Emma Elizabeth Calderhead Foster.

History of Marshall County, Kansas : its people, industries, and institutions online

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in the evening he attempted to get into the court house, where there was to
have been a dance, when Henry Agle, who is the constable of the township,
took hold of Goisney and told him to keep quiet and that he could not go
into the court house.

"A scuffle ensued during which Goisney drew a revolver and, just at
this juncture, Mr. Patrick Casey came up for the purpose of helping Henry
Agle, who had called for help, wiien Goisney pointing his pistol at Agle
and firing, exclaimed, 'Take that.' Casey fell dead, the ball having entered
his neck under the left ear, passing out on the opposite side. Mr. Casey
died instantly without uttering a word or sound. The murderer was imme-
diately carried to jail and ironed. During the night the guard was awak-
ened by a large crowd of men who took the prisoner and hanged him upon
a tree near town. The next morning the body was taken down, a coroner's
inquest held and the body was carried out to the prairie and buried.

"On Monday the remains of poor Casey were buried with military
honors. A large concourse of citizens attended to pay the last tribute of
respect to a good man, a worthy citizen, a faithful friend and an affectionate
husband and father. Patrick Casey had been a soldier and served as ser-


geant; had avowed patriotic and loyal principles, and f<»r this he met his
deatli at the hands of a disloyal traitor."


During the year i860 a train of soldiers, emigrants, and gold seekers
was returning from the West. The party camped on the grounds of the
present city park. In the evening a number of the men came up town to a
saloon, which was kept on the spot where White Brothers' store is now
located. They drank heavily and one man in the company a German, dis-
played a pouch of gold. Later, the German was seen to leave the saloon with
a man who seemed sober. Nothing was thought of the matter at the time.

During the forenoon of the following day some hunters came into the
same saloon and reported the finding of the body of a man in the creek.
There had been a light fall of snow during the night and the footsteps of the
two men were traced to the spot on Spring creek, where the body of the man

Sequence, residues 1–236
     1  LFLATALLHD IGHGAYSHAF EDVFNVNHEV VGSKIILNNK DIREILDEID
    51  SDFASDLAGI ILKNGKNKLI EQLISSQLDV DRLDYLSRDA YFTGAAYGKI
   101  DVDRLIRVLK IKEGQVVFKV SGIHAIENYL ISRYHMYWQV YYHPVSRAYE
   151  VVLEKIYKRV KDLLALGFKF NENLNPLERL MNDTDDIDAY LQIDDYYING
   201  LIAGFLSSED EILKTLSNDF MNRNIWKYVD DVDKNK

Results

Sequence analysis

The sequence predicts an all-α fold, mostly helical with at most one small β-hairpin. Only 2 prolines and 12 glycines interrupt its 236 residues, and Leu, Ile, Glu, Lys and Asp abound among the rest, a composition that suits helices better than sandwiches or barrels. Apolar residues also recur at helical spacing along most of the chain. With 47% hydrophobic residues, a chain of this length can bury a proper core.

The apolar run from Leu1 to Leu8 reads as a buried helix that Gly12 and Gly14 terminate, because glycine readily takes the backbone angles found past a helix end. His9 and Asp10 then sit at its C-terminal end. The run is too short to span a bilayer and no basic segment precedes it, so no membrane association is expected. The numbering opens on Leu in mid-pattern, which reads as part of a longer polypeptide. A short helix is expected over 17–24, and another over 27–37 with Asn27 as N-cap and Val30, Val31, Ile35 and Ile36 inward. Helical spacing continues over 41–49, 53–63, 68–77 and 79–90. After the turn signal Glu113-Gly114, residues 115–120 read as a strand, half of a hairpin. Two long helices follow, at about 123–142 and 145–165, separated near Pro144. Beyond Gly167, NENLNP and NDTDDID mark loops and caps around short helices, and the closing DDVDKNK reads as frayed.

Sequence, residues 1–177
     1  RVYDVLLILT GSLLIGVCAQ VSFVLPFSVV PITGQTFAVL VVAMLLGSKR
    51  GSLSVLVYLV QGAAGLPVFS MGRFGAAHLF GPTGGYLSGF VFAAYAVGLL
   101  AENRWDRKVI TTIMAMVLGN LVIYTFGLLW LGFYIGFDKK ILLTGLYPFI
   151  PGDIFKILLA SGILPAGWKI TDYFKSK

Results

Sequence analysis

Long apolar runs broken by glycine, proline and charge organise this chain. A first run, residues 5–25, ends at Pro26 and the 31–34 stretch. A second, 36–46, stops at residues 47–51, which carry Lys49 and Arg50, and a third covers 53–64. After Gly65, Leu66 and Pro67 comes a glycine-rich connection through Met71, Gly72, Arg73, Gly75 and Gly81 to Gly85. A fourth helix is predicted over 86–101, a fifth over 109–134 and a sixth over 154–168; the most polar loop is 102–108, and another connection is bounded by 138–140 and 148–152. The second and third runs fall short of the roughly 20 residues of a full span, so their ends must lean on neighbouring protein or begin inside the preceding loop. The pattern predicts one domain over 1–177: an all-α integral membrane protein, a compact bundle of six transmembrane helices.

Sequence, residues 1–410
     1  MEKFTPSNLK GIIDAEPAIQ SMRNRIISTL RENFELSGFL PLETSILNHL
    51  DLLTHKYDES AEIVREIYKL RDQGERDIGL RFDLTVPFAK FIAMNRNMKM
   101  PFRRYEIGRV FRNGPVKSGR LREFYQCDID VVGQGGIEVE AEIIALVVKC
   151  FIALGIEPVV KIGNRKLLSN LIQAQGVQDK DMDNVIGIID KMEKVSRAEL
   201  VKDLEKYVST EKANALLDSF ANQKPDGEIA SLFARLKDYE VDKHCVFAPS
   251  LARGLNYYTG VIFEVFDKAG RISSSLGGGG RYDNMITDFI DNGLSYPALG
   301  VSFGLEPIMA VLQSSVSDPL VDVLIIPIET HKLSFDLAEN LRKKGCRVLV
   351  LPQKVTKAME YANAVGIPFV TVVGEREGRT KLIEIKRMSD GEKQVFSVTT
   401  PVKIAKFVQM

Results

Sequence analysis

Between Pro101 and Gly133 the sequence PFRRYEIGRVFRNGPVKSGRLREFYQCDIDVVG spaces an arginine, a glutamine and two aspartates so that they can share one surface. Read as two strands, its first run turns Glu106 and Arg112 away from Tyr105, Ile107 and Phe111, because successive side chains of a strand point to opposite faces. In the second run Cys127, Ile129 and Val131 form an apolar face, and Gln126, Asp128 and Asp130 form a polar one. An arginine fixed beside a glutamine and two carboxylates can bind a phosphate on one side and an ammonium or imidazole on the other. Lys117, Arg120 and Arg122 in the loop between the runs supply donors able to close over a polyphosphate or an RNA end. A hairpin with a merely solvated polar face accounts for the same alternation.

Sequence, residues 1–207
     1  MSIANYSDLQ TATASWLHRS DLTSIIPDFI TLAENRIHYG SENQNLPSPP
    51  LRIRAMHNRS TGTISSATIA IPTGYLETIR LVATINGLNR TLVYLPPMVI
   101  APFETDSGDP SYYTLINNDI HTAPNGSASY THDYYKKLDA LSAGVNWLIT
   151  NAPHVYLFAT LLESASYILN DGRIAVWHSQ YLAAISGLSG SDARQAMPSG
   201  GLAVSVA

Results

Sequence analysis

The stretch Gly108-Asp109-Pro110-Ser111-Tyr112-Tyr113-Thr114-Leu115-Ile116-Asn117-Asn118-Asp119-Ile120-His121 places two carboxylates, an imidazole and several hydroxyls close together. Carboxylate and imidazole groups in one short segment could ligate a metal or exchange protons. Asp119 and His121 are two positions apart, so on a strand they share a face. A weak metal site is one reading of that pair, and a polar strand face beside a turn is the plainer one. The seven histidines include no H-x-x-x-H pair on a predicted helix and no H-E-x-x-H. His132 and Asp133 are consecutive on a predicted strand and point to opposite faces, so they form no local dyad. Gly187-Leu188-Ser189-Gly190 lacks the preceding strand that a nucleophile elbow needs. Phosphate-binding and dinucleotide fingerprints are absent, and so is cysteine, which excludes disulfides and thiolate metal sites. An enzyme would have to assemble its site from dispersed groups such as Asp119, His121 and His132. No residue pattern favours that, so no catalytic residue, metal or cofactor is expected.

had been found. The body was quickly identified by a number of men who
had seen him in the saloon displaying his gold.

The train was followed, stopped and the men in charge informed of
the murder. The German had not been missed from the party, but suspicion
fell on the man who left the saloon with him on the previous night. A search
was made and the man was found concealed in one of the wagons. The
entire train returned to Marysville. A short trial was held without judge
or jury and the only witnesses were the lifeless body and the confessed mur-

A short consultation, a trip to the elm tree on Spring creek, two graves,
one on the prairie and one in the cemetery on the hill, and the train moved

The gold, a watch and a letter giving name and address were sent to
the dead man's people.

That night the w^iole matter was thoroughly discussed in the saloon and
it was unanimously decided that justice had been done.


The following story was told the writer by a prominent pioneer : "There
was a gang of horse thieves operating through Marysville and some good
horses had been stolen. One night I lost a fine mare and the next day a
crowd of us started in search. Wt found the thief with mv mare and


another southeast of Waterville, hiding in the brush on a creek. We put
the fellow on a lead horse, tied his hands and started for Marysville. It
was just coming day when we reached Spring creek and the thief began to
, quarrel because we refused to untie his hands. He was told to keep still,
whereupon he kicked the horse viciously. We were tired of him any way,
and one of the men had a long rope halter, and we left him hanging to the
elm tree."

Later the tree was cut down, but that fact did not prevent the meting
out of swift puni-shment to the criminal.

The passing of the years, the civilizing influences of the school, the pulpit
and the press had awakened the sense of allowing legal processes to govern
criminal action, when a dastardly murder aroused the people of the city, and
this time the new bridge over Spring creek became the means of sending a
guilty man out of the world.


Mr. and Mrs. Pennington lived alone on a farm in Wells township and
found it necessary to keep a hired man. They employed a stranger who
proved very helpful to them on the farm. He had been in their employ about
two weeks when, one day, a neighbor going to the Pennington home, dis-
covered the murdered bodies of both these good people. The crime was